My Photo
Note: Jeff does not accept guest blog posts on A Dash of Insight.

For inquiries regarding advertising and republication, contact main@newarc.com

Follow Jeff on Twitter!

Enter your email address:

Delivered by FeedBurner

Certifications

  • Seeking Alpha
    Seeking Alpha Certified
  • AllTopSites
    Alltop, all the top stories
  • iStockAnalyst
Talk Markets
Forexpros Contributor
Disclaimer
Copyright 2005-2014
All Rights Reserved

« Market Higher in 2007 Series: Handling Adversity | Main | Oil Prices and Gasoline Prices: An Interesting Divergence »

May 22, 2007

TrackBack

TrackBack URL for this entry:
http://www.typepad.com/services/trackback/6a00d83451ddb269e200d835469d2d53ef

Listed below are links to weblogs that reference Market Higher in 2007: The Underlying Bid from Stock Buybacks:

» Cat Fight! from The Learning Curve
Mergers and acquisitions, stock buybacks, etc; aren't these the things we see near market tops? (See Dr. Jeff's opinion on buybacks...). We've seen some incredible market volatility ... [Read More]

Comments

Feed You can follow this conversation by subscribing to the comment feed for this post.

Bond investor

I think it's a mistake to hang your equity bullishness on the flawed Fed model, comparing bond yields to stocks. Two reasons:

1. Whether interest rates are above or below their historical average depends on the timeframe used. If we include decades prior to the Cold War, the averages come down significantly. According to "A History of Interest Rates" by Homer & Sylla (and confirmed with time series on Dr. Robert Shiller's web site), the average yield for 30-year high-grade bonds since 1871 is 4.7%.
Today's 30-year Treasury? 5.08%.

2. I can't debunk the Fed model better than Dr. John Hussman:
http://www.hussmanfunds.com/wmc/wmc070521.htm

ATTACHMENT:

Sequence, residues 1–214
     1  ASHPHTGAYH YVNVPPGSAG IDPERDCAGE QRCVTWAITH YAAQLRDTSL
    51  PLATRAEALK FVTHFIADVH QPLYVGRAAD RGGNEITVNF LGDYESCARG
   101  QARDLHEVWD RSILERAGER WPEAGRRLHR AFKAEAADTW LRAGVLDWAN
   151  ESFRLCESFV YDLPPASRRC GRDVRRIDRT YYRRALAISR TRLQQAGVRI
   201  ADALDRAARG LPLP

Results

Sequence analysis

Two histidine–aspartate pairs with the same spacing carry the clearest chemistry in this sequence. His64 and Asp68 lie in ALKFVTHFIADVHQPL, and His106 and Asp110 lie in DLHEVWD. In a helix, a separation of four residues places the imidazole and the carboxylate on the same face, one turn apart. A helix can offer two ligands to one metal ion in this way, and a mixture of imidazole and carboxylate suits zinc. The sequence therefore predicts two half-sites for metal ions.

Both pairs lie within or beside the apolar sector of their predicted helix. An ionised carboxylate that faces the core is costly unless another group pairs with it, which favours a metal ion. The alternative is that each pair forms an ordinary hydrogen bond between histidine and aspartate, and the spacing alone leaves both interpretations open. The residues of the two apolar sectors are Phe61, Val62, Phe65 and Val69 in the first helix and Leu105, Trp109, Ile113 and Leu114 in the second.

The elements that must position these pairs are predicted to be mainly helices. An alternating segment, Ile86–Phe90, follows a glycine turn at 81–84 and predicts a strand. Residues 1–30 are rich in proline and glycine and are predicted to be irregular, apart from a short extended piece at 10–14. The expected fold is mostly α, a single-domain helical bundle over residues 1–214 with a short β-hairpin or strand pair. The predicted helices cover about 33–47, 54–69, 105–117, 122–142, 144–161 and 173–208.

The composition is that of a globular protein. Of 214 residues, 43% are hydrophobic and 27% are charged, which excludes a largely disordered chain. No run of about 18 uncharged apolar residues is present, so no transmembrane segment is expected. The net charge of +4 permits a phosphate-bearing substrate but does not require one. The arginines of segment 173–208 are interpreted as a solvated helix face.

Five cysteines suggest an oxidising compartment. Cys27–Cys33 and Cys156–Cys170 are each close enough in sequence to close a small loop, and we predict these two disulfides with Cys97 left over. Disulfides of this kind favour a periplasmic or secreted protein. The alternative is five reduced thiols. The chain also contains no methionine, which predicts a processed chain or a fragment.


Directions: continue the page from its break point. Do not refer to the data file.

oldprof

Thanks for the excellent comments. Mean reversion in earnings deserves a full post. For now let us just note that one could have been singing that song for several years now. As Muckdog points out, companies have enjoyed a multi-year economic expansion and have kept costs pretty low. As to P/E's above the "historical average" the reason is that interest rates are below their historical average.

Thanks again,

Jeff

Bond investor

Jeff, your whole bullish case is based on record profit margins for U.S. firms. Profit margins are a mean-reverting time series. Buying stocks when P/Es are above the historical average, while the "E" component is also at the top of the historical range, should be done cautiously.

RB

Enjoyed this post too. And as our CFO said "Dividends can only go up"

muckdog

Hey Dr. Jeff! This is a really good entry. Enjoyed it. I wonder, though... Don't we tend see this kind of thing near "market tops?" Especially in large numbers hitting the Yahoo Finance news wires day after day?

Companies are flush with cash after a few years into an economic expansion. So we see buybacks, dividend bumps, mergers and acquisitions, etc. Maybe it's just a coincidence because these kinds of things are indicative of a lengthy economic expansion, and what else are they going to do with the money anyways? (Uh, sponsor a sports arena, Muck...)

Agree that it does benefit the shareholder to reduce the outstanding shares. And with the low tax rates on dividends set to expire in the years ahead, maybe there will be a rush out of such stocks soon. So increasing the dividend may not be the wisest choice here.

Have a great Memorial Day weekend.

me

IBM? $35 Billion on buybacks and dead money on the stock price.

Barry Ritholtz

Nice analysis!

To me, the key to understanding what could happen next is the profit cycle: Will earnings continue to decelerate, and what will that mean for future buybacks?

Its also noteworthy that the biggest market winners (outside of materials and energy) are often the major R&D firms: Apple, Google, etc.

Barry Ritholtz

Nice analysis!

To me, the key to understanding what could happen next is the profit cycle: Will earnings continue to decelerate, and what will that mean for future buybacks?

Its also noteworthy that the biggest market winners (outside of materials and energy) are often the major R&D firms: Apple, Google, etc.

The comments to this entry are closed.